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How to Find Out Who Owns a House

The information below will help you determine the owner of a home, lot, or piece of land. It’s not difficult and there are always resources available if needed!

There may be several ways to find out who owns something; however, most people turn towards their local MLS (Local Multiple Listing Service) for this data since it's free at many levels - including updates about listings changes, which can provide peace of mind when looking into buying property. You could also ask around within your community as well as check online databases like Zillow, etc., though these too might charge fees depending upon the information you're seeking.

The first step is to look up the address for the property in question on your local MLS. If it's a rental, there will likely be a phone number listed for the owner or management company. If it's a For Sale By Owner (FSBO), then the contact information should be right there. You could also check the county assessor's office as they usually have public records of who owns what.

If you're still having trouble, then you can try contacting a title company in your area - they would have access to property ownership data and would be able to help you out for a fee. The best way to find a reputable title company is to ask for referrals from your real estate agent, lawyer, or financial advisor.

Tax Assessor

To find out who owns a property, you can go to your county tax assessor's office and ask them for that property's tax records. You can discover who owns the property by their address as well as how much they pay in property taxes each year. Keep in mind that if you want physical documentation, you may have to pay a fee.

Try your local library

Your local library is a great resource for information and may be able to help you track down physical records that might otherwise fall through the cracks. Additionally, some libraries offer free public databases on their computers so you can conduct a property search. Library staff will usually have more information on how you can access information related to property sales and ownership.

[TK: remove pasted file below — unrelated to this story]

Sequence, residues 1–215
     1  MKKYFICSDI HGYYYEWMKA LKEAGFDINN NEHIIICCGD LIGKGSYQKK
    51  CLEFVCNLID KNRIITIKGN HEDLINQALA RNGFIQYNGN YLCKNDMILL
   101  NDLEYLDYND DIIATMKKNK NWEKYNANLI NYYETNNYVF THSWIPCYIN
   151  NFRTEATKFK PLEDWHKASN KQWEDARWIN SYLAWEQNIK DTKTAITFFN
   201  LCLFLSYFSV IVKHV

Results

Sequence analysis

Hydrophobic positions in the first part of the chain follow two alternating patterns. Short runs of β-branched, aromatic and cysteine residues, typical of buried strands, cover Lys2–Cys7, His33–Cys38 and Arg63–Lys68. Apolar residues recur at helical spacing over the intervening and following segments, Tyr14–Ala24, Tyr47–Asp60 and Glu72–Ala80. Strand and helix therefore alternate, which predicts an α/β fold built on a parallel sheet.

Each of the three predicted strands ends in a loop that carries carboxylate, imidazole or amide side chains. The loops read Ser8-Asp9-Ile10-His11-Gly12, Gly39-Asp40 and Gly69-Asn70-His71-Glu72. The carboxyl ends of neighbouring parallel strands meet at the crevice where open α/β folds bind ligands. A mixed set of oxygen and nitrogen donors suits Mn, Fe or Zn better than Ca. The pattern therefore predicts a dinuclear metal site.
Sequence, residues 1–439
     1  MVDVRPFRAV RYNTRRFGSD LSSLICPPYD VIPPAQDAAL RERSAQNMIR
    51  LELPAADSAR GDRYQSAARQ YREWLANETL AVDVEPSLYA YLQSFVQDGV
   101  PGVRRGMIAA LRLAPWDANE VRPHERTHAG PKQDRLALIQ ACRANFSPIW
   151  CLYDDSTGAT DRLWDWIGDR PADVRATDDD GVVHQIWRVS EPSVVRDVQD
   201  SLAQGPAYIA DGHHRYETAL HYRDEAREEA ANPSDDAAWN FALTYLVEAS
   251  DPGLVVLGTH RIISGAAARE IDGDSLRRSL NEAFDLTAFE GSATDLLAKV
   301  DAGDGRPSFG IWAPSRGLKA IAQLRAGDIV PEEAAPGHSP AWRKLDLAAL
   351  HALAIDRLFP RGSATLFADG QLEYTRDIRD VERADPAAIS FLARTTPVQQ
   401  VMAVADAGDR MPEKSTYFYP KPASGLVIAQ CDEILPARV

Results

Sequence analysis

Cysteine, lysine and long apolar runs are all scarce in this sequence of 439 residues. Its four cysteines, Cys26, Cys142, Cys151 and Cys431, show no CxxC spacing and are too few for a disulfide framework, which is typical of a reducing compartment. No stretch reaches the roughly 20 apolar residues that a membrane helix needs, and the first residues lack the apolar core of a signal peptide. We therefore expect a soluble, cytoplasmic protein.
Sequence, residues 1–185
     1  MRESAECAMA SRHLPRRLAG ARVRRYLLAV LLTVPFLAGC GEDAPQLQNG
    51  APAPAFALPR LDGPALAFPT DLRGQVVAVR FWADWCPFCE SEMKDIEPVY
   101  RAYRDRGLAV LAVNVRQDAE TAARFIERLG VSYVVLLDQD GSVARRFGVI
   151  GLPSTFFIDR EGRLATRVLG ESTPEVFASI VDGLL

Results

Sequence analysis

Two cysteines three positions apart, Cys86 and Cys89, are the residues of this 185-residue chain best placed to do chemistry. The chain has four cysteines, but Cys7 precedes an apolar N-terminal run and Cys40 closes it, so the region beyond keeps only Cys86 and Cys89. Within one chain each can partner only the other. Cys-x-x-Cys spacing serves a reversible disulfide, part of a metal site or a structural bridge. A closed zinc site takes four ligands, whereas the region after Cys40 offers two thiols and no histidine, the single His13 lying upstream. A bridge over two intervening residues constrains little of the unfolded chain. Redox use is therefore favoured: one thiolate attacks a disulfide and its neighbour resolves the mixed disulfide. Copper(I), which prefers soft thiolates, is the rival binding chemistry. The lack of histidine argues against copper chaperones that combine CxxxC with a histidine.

Title search company

You can also reach out to a property title search company. These are independent firms who do searches for real estate transactions and make sure there's no "cloud on the title" - meaning the property has been confirmed as being free from any other claims, such as debts or liens, that might prevent the full transfer of ownership. This service is not free, however, and such companies charge an hourly rate (which typically ranges around $100-$300). 

Talk to a real estate attorney about property ownership

If the subject of your research is an LLC or probate dispute, you may find it difficult to figure out who holds the title. In these situations, a real estate attorney may be able to assist. Even though hiring one costs more than doing records searches yourself, sometimes saving time really does pay off.

An attorney may also be able to help if the person you're trying to find is deceased and the property was willed to someone. The probate process can be confusing, and an experienced lawyer can guide you through it step-by-step so that you can get the information (and peace of mind) you need.

More home-finding resource ideas

Zillow

Zillow is an online real estate database company that provides information about homes for sale as well as rental properties. You can search for a specific address or general area, and narrow your results by price, number of bedrooms, square footage, and more. If you find a listing that interests you, you can contact the owner or agent directly from the site.

Trulia

Trulia is another online real estate database. In addition to listings for sale and rent, Trulia includes data on recent home sales, median prices in specific areas, market trends, and more. You can also find information on schools, neighborhoods, and local businesses. As with Zillow, you can contact owners and agents directly from the site.

Redfin

Redfin is an online real estate brokerage. In addition to helping you find a home, Redfin will also help you sell your home. The company offers a 1% listing fee (or a minimum of $3,000), as well as a refund of up to 50% of the buyer's agent commission. Redfin also has its own team of agents who can help you throughout the process.

Homesnap

Homesnap is a mobile app that allows you to quickly and easily find information on homes for sale or rent in your area. You can snap a photo of any home to find out its address, price, square footage, number of bedrooms and bathrooms, and more. You can also contact the listing agent directly from the app.

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